Lingering, oil, 16 x 20
By Devon Jackson
Pam Powell’s paintings aren’t merely narrative, they’re practically cinematic. “I really love movies and plays and visual stories,” says Powell from her home north of San Francisco. “That’s what goes on with me when I paint.” In her mind, each of her scenes has a beginning, middle, and end. The painting itself serves as the middle of her “film,” while it’s up to the viewer to imagine what occurred before that moment caught on canvas and what might happen after.
In this way Powell’s work bears some similarity to that of Edward Hopper. Although, says Powell, “Hopper put in people as objects, whereas I’m totally involved with the people. They’re the focus.” And while Hopper depicted so much solitude—a solitude verging on the outright loneliness typical of European existentialism and Hollywood antiheroes—Powell’s images are more the stuff of Sleepless in Seattle and An Affair to Remember. “I like the romances and the character studies,” agrees Powell, who in college sought out more tragic narratives. “I’m more romantic now.”
More romantic, and no less observant an artist than she started out, although it took a while for Powell to embrace her narrative aptitude.
Born in 1953 in Albuquerque, NM, to parents who were both involved with the Manhattan Project (her father was a physicist, her mother a mathematician), Powell didn’t even draw until she graduated from high school. It was around that time that the travel bug bit her, too. Leaving home for Europe, she bought a train pass and visited as many museums as she could in one year’s time.
Invigorated by what she’d seen abroad, she returned to Albuquerque intent on becoming the next Michelangelo. So without considering any other schools, she enrolled at the University of New Mexico, emerging four years later with a bachelor’s degree in sculpture. A somewhat useless degree, as it turned out. “I made some big architectural pieces, and I liked ceramic sculpture, but I went through the whole program not realizing until the end that there was basically no way I’d make a living doing that,” she says.
It was about six months after graduation that she made another fateful decision. A longtime horseback rider, she was driving a truck full of hay down Interstate 25 early one morning when it suddenly dawned on her. “I’d been driving this same 10 square miles in Albuquerque for so long, and I just thought to myself, ‘It’s time for me to get out,’” she recalls. “It struck me as the only way I was ever going to leave. If I’d tried to make a plan, I never would have left.”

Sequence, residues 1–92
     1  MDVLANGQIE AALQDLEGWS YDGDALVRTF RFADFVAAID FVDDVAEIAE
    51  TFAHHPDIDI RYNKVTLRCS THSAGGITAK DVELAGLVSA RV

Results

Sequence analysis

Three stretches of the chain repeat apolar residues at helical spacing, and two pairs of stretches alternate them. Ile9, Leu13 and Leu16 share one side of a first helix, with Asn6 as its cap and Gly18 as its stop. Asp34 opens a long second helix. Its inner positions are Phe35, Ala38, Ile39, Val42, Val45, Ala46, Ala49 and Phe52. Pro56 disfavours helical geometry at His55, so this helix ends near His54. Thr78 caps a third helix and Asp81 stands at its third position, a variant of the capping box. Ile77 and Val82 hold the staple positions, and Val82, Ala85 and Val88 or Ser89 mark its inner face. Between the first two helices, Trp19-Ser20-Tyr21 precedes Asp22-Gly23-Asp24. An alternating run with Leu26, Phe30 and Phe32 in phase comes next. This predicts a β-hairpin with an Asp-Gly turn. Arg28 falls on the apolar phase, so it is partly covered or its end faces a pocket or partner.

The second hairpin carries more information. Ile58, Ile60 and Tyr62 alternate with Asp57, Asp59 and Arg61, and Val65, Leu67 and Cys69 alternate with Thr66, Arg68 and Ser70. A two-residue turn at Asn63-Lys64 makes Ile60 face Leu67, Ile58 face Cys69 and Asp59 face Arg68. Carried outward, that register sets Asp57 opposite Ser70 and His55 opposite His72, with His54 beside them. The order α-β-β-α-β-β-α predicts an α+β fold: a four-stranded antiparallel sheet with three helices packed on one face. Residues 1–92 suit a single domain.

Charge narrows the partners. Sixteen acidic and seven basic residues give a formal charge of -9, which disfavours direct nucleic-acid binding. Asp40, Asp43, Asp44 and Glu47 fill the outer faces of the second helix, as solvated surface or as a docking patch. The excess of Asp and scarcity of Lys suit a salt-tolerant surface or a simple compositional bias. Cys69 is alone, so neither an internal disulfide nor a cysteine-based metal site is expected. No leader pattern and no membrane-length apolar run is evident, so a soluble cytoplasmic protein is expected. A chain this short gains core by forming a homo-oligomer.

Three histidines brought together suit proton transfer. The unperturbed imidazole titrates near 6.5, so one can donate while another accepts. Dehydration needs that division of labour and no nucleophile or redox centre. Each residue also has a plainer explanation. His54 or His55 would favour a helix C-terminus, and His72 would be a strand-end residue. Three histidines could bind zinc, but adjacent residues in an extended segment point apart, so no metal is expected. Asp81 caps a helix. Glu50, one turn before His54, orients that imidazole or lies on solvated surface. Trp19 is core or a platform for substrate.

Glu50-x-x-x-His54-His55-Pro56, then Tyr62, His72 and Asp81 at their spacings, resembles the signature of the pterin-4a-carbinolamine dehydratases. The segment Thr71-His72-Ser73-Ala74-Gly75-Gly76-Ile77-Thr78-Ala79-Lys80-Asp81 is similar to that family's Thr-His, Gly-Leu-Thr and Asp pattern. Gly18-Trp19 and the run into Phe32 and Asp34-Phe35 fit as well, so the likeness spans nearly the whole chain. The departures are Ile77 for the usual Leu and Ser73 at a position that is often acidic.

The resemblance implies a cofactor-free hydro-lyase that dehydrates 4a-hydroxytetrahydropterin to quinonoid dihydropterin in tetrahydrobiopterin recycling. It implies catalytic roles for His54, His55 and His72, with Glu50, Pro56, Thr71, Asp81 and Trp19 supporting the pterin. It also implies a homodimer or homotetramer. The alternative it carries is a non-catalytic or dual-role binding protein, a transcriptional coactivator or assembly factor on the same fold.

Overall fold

So she lit out for San Francisco, where she immediately found a storefront apartment she shared with a ceramicist and a painter. She also found her calling: One day she happened to wander into a lecture at the Academy of Art University on how to make a living as an artist. And the lecture was in the illustration department, where, Powell soon noticed, people knew how to draw.
Having found her spot, she did what she had to do over the next six to seven years in order to teach herself all over again. She waited tables in the financial district during the day for a few years till she’d exhausted all the evening courses, then found a nighttime waitressing gig at the Marina while taking all the daytime classes. “I really loved the whole process of learning how to draw representationally and tell stories,” says Powell, who learned as much from artists of the past, such as Norman Rockwell and J.C. Leyendecker, as she did from instructors like Craig Nelson and Zhaoming Wu. By 1988, she’d earned a bachelor’s degree in illustration. But she’d have to wait a little longer to answer her true calling.
Having also fallen in love and gotten married by now, Powell was about to deliver her first child while hanging her graduation show. “So my illustration career lasted about a minute and a half,” she laughs. Nevertheless, she persevered. “While raising my two kids, I did portraits of all my neighbors’ and friends’ kids,” she says.
Once her children were old enough to go to school, the academy asked Powell to join its faculty. Suddenly, her former instructors and mentors became her peers. Still, Powell didn’t hit her narrative stride for another five years…
Featured in November 2007
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